Noise: Meaningless deviation from an expected average. For instance, polls might consistently show a four-point race, but one poll from a generally reputable pollster shows an eight-point race or a statistical tie. Statistical noise is just part of polling, in which surveys conducted under a sound methodology that usually works will occasionally provide numbers that are just not right. Polls that demonstrate this noise are also called "outliers".
NRCC: National Republican Congressional Committee. The Republican equivalent of the DCCC.
NRSC: National Republican Senatorial Committee. The Republican equivalent of the DSCC
NWOTSOTB: No Word On The Size Of The Buy. Many television and radio ads are released online without any information about just how much is being spent to put them on the air. This is because campaigns and political organizations often try to get media coverage for new ads that are backed with only very small buys. (In other words, very few actual voters will see them.) If there's no word on the size of the buy, it will often (but not always) mean that the buy is small. This happens so often we had to create our own acronym for it, because typing the whole phrase out every time was starting to cause our hands to fall off.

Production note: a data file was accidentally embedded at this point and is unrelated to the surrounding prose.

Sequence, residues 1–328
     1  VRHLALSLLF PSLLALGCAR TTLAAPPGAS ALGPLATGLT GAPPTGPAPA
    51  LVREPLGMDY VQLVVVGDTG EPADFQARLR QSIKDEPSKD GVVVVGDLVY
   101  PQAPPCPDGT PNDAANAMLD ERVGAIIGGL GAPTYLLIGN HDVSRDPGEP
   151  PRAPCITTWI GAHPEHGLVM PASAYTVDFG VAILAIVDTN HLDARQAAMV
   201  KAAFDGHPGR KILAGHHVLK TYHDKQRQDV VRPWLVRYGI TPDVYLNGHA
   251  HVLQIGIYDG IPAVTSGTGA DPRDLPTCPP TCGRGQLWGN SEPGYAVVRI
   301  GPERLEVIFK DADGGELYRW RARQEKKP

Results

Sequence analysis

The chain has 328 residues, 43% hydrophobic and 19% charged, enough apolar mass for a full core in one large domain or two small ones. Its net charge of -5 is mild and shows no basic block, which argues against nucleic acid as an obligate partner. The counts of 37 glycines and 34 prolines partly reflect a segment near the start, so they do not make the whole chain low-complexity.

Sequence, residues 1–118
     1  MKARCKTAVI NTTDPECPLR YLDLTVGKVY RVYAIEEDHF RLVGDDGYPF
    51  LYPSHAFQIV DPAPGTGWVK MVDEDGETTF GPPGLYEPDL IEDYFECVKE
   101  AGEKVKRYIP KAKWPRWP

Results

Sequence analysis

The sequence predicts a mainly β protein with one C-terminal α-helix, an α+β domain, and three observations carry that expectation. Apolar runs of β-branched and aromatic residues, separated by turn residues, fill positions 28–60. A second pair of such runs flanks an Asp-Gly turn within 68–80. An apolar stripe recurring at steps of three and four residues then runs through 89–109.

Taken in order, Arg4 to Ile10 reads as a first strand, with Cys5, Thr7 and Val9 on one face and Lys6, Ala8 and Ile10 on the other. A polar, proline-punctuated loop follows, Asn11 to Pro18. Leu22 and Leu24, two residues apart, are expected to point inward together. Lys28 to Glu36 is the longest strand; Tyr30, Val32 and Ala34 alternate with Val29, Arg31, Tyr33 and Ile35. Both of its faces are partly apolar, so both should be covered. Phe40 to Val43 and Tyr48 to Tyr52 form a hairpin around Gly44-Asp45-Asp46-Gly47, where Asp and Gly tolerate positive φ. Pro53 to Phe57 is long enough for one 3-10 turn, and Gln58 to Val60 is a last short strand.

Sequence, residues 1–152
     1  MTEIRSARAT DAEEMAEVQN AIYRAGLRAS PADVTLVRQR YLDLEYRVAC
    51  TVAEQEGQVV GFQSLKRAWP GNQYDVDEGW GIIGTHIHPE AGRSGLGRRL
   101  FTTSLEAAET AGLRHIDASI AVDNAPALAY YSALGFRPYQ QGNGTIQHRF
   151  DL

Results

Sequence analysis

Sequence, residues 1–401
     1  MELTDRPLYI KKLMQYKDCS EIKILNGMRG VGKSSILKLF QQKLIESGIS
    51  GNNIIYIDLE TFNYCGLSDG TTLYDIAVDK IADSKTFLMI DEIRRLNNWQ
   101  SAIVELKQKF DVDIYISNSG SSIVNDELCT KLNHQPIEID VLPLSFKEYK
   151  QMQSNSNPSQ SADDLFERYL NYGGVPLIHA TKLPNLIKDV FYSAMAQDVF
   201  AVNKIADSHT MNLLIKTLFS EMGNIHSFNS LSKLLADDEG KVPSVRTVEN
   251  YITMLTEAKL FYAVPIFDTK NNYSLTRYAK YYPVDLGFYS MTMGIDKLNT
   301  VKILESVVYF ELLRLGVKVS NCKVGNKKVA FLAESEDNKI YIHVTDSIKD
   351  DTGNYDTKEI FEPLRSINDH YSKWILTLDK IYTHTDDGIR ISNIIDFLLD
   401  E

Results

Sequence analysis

Open primary: A primary election in which voters can legally cast a ballot irrespective of their party affiliation.
Outlier: A particular poll that doesn't reflect the polling consensus, e.g. a result showing Candidate X with a two-point lead in a race where polling has indicated Candidate Y is ahead by about five points. Watch out for loserspeak here. Many times, especially after an event that might be seen as shifting the momentum in the race, campaigns that get a worse-than-expected polling result will claim that poll is an outlier. Sometimes it is, and sometimes it isn't. Note: Sometimes outliers are actually right!
PAC: Political Action Committee. A group that can advocate and make expenditures to promote specific candidates for office. Corporations and other organizations are not allowed to donate directly to these groups.
Pack (verb): The act of putting as many of a certain type of voter as possible into one district.
Party convention: A meeting of members, officials, and often candidates from a particular party, usually a state or territorial affiliate of that party (such as the Connecticut Republican Party, or the Delaware Democratic Party, or the Republican Party of Texas, or the Minnesota Democratic–Farmer–Labor Party). Most of the time, these are held to formally nominate the winner of that party's primary to advance to the general election, but in some states, they are held before the primary and give the candidates an opportunity to vie for the formal endorsement of the party before the primary. In some states, like Utah, candidates must win a certain amount of support from their party's delegates to even appear on the primary ballot as a member of that party.